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Let's say a rogue tries to investigate a trap, then fails. What would happen to them if they then tried to disable that trap? He doesn't understand it completely since he failed his investigation check, right?

Here's how I understand the process for dealing with a trap: Perception check (To see the trap) + Investigation check (To understand how it works) + thief tools check (To disarm the trap). That is the pattern this question is built upon.

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    \$\begingroup\$ Hi Anthony, welcome to RPG Stack Exchange. Check out our tour to see how we work here. Titles are meant to represent the body of the question, not ask a separate question entirely to the body, so I've given this a revision to unite the two. Also, when you reach 20 rep, you're welcome to join us in Role-playing Games Chat. \$\endgroup\$ – doppelgreener Feb 15 '18 at 15:08
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    \$\begingroup\$ Was investigating used to find a trap, or to disable a trap? Question is unclear, since disable is usually a dexterity based check, and investigation is usually an intelligence based check. See "using ability scores" in Chapter 7 of the PHB and / or Basic Rules. Once you review those you may want to revise you question? \$\endgroup\$ – KorvinStarmast Feb 15 '18 at 15:08
  • \$\begingroup\$ @KorvinStarmast Correct me if I'm wrong, but I thought that the pattern for traps was: Perception check (To see the trap) + Investigation check (To understand how it works) + thief tools check (To disarm the trap). So neither, the check was to understand the mechanism. \$\endgroup\$ – Runescape Feb 15 '18 at 15:10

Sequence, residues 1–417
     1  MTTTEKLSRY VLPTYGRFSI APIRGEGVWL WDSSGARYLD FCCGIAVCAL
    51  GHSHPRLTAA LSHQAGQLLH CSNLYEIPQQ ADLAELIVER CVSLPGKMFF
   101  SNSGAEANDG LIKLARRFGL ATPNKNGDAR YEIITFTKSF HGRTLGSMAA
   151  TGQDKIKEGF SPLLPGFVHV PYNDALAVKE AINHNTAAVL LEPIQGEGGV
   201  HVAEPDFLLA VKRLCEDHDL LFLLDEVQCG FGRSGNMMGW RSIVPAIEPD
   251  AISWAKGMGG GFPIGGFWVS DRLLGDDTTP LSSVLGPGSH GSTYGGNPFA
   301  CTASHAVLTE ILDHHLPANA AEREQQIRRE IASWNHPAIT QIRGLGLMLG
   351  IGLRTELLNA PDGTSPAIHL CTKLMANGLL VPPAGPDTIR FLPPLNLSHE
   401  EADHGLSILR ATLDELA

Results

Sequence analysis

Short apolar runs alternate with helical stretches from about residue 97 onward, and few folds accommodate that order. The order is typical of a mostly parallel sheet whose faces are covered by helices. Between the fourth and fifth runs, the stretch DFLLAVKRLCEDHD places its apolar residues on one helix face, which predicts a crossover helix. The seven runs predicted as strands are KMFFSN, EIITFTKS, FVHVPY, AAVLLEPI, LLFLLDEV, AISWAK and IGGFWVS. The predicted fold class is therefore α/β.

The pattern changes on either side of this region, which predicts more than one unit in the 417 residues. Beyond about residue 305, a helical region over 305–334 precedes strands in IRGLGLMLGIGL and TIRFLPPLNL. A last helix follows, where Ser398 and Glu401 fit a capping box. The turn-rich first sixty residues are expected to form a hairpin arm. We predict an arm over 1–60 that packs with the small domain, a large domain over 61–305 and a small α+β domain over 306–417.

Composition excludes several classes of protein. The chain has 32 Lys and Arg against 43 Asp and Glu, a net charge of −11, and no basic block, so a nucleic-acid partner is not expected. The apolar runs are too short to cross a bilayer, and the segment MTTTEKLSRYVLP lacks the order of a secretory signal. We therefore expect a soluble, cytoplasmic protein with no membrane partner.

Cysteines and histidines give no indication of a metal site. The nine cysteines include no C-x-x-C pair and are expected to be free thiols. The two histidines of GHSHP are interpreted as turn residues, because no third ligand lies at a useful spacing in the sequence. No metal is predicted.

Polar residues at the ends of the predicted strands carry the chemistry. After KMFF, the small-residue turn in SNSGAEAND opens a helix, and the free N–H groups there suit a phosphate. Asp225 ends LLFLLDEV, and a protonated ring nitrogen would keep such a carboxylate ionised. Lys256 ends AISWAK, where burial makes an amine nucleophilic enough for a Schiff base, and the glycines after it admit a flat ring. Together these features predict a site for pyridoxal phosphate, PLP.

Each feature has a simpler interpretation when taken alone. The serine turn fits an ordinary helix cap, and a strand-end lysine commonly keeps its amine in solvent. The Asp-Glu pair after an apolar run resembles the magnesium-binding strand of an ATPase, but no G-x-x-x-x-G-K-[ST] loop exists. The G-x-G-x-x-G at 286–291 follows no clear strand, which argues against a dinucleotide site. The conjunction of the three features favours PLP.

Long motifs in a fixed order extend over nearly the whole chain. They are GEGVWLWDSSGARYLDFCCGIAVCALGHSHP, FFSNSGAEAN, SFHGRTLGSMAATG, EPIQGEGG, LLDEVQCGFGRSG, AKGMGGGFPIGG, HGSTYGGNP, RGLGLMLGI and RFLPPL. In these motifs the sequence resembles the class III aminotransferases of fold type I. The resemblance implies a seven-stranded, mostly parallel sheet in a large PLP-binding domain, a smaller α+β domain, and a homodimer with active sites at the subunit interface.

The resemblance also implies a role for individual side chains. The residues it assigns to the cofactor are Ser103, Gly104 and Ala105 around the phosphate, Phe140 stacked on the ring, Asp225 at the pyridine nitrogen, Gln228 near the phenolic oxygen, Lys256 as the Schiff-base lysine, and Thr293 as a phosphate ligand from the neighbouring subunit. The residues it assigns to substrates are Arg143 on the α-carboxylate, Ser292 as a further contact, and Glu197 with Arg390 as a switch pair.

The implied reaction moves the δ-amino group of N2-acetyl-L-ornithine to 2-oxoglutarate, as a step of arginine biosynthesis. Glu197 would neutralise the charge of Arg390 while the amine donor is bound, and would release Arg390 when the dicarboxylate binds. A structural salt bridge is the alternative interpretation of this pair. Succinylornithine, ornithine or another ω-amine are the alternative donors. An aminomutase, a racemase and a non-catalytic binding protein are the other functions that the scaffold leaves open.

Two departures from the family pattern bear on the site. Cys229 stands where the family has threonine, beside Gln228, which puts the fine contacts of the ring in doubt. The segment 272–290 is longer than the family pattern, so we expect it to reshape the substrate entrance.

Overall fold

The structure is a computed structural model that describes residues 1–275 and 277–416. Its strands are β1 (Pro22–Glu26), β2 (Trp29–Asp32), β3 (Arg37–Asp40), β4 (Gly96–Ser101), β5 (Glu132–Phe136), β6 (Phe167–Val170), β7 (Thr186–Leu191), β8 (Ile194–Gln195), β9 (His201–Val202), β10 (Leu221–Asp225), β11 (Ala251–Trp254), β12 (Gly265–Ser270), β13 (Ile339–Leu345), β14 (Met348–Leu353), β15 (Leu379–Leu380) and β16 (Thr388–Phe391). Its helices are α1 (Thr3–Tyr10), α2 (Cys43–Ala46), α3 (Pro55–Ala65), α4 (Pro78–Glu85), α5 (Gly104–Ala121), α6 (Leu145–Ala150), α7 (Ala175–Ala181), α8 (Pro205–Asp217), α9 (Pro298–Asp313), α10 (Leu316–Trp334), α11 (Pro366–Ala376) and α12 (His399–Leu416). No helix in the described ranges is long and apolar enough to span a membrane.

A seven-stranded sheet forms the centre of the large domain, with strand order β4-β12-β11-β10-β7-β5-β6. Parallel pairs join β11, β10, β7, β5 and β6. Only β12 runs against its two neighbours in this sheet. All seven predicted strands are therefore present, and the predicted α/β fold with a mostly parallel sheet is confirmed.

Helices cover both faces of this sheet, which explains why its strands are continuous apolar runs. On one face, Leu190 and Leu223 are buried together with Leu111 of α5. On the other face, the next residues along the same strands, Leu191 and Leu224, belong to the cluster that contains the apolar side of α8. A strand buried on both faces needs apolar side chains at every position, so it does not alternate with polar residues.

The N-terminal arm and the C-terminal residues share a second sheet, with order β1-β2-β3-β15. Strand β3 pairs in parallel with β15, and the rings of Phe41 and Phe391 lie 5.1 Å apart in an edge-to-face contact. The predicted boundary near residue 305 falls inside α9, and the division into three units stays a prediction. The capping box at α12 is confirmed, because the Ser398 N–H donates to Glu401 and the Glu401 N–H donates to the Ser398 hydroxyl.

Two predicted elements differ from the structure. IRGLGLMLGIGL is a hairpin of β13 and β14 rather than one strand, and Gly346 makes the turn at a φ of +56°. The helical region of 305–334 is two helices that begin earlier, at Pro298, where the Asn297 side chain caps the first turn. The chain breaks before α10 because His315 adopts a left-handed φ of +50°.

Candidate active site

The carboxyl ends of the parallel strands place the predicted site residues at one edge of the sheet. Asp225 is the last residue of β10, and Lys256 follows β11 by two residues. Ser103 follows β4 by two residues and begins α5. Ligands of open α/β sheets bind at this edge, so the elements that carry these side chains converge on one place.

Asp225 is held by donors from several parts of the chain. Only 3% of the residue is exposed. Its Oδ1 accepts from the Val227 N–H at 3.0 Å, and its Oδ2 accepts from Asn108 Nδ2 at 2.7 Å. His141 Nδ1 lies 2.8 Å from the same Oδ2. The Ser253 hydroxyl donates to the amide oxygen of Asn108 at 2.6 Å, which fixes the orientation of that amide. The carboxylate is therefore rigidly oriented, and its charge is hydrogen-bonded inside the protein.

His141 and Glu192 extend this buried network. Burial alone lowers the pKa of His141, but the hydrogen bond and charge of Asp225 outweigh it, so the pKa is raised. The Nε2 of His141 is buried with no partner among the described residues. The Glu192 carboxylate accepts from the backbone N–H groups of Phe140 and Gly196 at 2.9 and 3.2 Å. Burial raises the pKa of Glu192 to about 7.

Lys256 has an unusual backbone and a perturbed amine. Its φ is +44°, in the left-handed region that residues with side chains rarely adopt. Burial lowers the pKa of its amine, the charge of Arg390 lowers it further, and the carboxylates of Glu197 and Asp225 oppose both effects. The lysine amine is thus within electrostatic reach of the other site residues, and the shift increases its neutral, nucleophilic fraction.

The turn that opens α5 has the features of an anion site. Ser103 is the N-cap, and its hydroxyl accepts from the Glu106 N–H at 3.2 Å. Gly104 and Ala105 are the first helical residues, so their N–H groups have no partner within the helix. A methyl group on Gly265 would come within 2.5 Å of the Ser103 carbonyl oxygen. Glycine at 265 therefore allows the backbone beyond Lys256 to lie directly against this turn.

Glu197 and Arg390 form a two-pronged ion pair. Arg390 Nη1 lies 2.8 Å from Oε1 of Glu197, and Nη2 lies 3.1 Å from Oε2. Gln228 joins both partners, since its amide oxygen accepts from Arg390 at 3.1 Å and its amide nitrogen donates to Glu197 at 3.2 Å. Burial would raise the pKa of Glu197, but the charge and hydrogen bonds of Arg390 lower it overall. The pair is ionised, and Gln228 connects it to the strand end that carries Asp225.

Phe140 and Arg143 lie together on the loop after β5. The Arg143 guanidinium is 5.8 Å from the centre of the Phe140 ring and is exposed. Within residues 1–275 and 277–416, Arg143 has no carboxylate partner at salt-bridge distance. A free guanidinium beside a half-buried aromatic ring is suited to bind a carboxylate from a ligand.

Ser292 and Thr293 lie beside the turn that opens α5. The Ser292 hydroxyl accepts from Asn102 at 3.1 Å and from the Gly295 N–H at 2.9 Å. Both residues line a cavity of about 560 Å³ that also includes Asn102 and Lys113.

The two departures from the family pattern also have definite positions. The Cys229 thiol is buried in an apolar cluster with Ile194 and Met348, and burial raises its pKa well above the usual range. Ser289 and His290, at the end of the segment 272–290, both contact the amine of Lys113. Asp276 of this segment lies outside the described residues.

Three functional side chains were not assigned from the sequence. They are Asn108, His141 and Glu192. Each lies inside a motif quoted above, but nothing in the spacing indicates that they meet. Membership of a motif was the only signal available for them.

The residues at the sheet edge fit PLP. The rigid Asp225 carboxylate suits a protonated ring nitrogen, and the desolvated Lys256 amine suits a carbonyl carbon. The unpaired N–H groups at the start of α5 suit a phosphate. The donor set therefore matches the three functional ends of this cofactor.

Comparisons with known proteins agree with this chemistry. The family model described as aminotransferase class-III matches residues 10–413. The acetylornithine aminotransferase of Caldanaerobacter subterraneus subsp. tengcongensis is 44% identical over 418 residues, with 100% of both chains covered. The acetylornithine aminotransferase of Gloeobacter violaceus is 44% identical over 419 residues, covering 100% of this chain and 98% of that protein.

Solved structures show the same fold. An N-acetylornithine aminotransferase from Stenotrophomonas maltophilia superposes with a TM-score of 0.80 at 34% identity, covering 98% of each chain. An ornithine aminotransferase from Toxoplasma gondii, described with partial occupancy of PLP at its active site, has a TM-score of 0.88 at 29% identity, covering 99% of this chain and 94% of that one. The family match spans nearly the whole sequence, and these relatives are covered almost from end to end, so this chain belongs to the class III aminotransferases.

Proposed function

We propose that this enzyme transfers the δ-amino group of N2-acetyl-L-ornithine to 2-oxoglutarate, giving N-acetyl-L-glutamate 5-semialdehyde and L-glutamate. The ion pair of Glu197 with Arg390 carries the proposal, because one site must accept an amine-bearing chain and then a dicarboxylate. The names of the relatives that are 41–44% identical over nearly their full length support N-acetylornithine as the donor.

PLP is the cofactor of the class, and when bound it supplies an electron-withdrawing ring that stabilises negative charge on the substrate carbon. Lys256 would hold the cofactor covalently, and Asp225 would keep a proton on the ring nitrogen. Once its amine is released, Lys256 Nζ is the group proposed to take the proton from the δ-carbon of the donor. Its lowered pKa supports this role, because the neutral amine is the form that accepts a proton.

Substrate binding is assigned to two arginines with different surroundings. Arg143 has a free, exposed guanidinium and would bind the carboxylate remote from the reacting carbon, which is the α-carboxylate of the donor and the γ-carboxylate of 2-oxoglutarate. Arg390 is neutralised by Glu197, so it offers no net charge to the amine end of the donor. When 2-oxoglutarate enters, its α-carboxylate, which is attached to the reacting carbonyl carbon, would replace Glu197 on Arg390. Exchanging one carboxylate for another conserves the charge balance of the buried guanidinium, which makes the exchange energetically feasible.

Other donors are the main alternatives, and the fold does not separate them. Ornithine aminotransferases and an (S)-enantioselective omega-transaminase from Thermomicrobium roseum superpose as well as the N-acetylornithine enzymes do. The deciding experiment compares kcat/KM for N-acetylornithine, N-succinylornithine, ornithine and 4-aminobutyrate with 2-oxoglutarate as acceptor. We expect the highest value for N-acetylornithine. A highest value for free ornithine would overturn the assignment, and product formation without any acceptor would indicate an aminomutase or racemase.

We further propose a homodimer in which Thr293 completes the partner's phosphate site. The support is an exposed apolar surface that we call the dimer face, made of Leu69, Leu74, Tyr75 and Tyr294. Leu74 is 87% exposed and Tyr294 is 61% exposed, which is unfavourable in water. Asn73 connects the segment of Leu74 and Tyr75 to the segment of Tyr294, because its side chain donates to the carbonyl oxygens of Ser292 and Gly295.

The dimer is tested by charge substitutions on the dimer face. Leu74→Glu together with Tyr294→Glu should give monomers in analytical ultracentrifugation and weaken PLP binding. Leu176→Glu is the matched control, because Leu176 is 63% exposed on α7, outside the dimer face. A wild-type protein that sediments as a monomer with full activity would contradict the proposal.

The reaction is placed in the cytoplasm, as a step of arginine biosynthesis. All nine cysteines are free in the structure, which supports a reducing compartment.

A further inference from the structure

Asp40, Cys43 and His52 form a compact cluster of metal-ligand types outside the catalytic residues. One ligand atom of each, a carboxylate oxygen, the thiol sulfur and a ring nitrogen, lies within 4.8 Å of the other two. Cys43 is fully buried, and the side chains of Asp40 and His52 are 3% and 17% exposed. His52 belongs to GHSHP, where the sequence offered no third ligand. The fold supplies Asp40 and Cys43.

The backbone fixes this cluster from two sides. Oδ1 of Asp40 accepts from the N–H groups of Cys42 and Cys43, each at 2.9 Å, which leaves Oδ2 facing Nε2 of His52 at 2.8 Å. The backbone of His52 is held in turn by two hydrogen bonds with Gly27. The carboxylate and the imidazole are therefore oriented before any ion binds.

• \$\begingroup\$ I suppose that's one way to do it. I edited that understanding into your question, let's see what responses you get. When you put that detail into the question, your problem to solve becomes more clear. :) \$\endgroup\$ – KorvinStarmast Feb 15 '18 at 15:13
  • \$\begingroup\$ Thank you, this is my first question so I'm sorry for anything that's unclear. \$\endgroup\$ – Runescape Feb 15 '18 at 15:17
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Strictly speaking, you typically use either Wisdom (Perception) or Intelligence (Investigation) to locate the trap, then a Dexterity check (with thieves' tools) to disable the trap.

Asking the player for a further Investigation check to understand a trap that they've already seen is a valid use of the skill, but it's not typical. Normally you simply use Perception to spot it, then Dexterity to disable it.